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#5 Bill Hall vs. #12 Ben Hendrickson

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Bill Hall had a huge 2006 when he hit 35 home runs. He then got a four year, $24 million deal and would hit 35 dingers combined in the next three years. His OBP dropped below .300 and his slugging percentage fell under .400, as he struck out a ton and proved 2006 was an aberration.

A classic “four-A” pitcher, Ben Hendrickson was terrific in the minors and horrible in MLB. In 2004, with a 2.02 ERA in triple-A, Hendrickson was called up and subsequently rocked, going 1-8 with a 6.22 ERA. In his final major league appearance, he gave up six earned runs without retiring a batter.

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#4 Rickie Weeks vs. #13 Prince Fielder

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Rickie Weeks’ issues have been well documented. Between his historically bad defense at second, constant injury troubles, and recent struggles to get on base or hit for any power, he has quickly lost favor with fans. His $11 million price tag makes matters even worse, especially with Scooter Gennett on his heels.

Weeks’ best friend, Prince Fielder, got his money elsewhere. Some fans felt lied to and betrayed, because they thought he’d give a hometown discount after saying he "loved to play here." Others were happy to see him go, citing his poor defensive skills and temperamental attitude.

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#3 Ruben Quevedo vs. #14 Billy Jo Robidoux

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Brewers’ management touted Ruben Quevedo as a future star after coming over from the Chicago Cubs, but that never came close to happening. His laziness and ever-rising weight led to a 5.66 ERA and a 14-30 record with Milwaukee. He was out of the league before his 25th birthday, appearing to have no interest in improving.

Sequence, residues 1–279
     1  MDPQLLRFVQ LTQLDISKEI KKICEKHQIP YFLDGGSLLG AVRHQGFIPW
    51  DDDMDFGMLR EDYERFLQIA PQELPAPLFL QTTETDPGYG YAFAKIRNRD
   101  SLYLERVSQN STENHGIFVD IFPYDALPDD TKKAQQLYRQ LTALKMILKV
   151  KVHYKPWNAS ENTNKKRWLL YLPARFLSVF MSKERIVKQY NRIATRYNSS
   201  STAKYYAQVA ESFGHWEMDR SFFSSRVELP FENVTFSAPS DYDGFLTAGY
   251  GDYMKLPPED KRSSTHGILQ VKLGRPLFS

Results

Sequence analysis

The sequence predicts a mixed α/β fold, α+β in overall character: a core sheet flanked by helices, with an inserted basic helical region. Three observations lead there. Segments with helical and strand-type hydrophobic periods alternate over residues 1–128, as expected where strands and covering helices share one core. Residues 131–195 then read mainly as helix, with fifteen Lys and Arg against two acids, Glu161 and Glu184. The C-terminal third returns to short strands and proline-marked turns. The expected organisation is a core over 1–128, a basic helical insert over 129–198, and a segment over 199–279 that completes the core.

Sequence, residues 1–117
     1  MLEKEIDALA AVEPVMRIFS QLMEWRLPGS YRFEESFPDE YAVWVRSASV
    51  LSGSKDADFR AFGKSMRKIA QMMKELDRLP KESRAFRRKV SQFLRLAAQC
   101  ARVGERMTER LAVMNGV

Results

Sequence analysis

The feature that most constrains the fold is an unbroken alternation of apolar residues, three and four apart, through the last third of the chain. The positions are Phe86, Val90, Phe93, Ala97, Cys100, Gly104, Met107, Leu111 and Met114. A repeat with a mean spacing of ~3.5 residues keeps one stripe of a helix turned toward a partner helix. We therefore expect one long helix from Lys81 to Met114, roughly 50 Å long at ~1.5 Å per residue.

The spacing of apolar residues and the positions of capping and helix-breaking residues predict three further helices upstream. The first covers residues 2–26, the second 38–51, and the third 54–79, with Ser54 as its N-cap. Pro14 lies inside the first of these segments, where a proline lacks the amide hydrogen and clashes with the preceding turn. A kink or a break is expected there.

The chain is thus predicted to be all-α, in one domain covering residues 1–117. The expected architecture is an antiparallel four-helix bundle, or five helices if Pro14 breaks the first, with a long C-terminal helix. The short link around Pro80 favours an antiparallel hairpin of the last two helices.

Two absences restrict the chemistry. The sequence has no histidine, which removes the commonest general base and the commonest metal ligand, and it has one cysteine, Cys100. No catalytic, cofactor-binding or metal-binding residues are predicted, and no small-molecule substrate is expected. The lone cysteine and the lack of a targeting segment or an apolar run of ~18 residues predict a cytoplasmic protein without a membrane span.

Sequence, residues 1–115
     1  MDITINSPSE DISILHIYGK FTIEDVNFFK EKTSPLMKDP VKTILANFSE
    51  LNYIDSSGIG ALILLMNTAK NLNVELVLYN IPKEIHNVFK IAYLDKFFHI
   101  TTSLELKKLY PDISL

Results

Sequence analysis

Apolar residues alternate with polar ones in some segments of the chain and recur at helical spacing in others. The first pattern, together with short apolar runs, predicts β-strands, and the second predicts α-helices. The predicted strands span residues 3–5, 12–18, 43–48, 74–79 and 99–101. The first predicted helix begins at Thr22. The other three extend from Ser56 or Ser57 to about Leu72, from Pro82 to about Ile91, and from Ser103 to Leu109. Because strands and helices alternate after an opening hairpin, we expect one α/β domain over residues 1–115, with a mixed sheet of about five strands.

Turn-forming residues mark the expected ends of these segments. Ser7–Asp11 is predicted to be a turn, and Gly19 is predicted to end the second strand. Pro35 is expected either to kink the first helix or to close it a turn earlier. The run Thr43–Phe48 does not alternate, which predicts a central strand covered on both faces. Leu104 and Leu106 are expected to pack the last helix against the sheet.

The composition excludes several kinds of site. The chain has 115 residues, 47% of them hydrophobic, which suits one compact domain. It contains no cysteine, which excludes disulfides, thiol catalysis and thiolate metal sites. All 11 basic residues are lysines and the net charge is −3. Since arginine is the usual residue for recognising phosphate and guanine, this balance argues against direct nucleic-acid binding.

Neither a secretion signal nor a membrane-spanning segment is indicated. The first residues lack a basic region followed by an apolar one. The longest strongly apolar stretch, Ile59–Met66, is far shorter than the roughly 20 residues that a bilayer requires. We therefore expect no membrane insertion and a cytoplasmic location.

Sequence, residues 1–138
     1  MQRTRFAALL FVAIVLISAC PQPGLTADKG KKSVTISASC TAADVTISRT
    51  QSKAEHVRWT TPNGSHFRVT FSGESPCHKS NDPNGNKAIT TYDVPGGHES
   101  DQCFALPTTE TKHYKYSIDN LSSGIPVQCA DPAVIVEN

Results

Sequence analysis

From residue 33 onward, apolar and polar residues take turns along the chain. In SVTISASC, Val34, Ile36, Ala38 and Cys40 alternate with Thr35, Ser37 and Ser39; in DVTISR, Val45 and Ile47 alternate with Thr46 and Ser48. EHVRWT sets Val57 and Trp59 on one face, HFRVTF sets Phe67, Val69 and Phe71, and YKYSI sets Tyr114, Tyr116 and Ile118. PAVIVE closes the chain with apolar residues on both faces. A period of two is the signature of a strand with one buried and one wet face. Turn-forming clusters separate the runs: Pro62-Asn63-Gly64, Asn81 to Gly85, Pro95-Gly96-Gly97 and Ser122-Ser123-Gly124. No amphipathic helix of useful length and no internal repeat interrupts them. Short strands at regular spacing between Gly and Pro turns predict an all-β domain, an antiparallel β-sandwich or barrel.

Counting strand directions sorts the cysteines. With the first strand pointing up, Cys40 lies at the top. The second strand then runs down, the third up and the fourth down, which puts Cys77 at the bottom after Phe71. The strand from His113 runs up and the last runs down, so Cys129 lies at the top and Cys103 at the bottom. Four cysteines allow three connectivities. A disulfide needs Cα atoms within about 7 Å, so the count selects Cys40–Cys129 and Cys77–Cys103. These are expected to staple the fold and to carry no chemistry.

Seen as the next great slugger in Milwaukee (slugged over .500 in double and triple-A), Billy Jo Robidoux hit a whole four home runs in parts of four seasons with the Brewers. He also was part of the tradition of poor-fielding first baseman, and even worse in the outfield.

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#2 Ronnie Belliard vs. #15 Doug Henry

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Laziness and failed expectations made Ronnie Belliard a despised figure. After a promising 1999, his weight ballooned, his numbers dipped and he landed on the disabled list too often. His last year in Milwaukee, with a .287 OBP and .544 OPS, he made it was clear he had no interest in being a quality player for the Brewers.

Doug Henry earned a decent amount of saves in Milwaukee, but his stats the last three years with the Brewers were ugly (4.70 ERA, 1.55 WHIP, 4.3 walks per nine innings). His rookie year, at age 27, raised expectations, but those came crashing down to earth very quickly.

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#1 Jeff Suppan vs. #16 Matt Wise

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The Jeff Suppan deal, $42 million for four years, was one of the worst in team history. His 5.08 ERA and ridiculously awful 1.60 WHIP with Milwaukee drove people over the edge as he continued to take the ball. The Brewers released him before the end of his contract and got one poor playoff start from him. He’s a favorite for the tourney and sits in the Yost Region because, of course, “Soup pitched great!”

Matt Wise was sort of a typical, serviceable middle reliever. The worst thing he did was hurt himself with a pair of salad tongs that caused him to miss a couple of games. He snuck into the tourney on a couple of nominations, but my guess is, he won't be around long.

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Yost Region - Round One

Courtesy of Tim Muma

Here's the full region so you can take a look at the potential matchups in the upcoming rounds. Again, the person who makes it out of the Yost Region will take on the winner of the Gagne Region in the Final Four. I'll reveal the rest of the regions in the near future and you can take a look at the whole field.

You can submit votes in the comments section below, on Facebook, by tweeting @brewersblend or send an email to The voting for the Yost Region will remain open until 10pm (ET) on Saturday, February 29th, so check out each matchup and get your votes in now!


Most Despised Brewers: Gagne Region (Round One)p>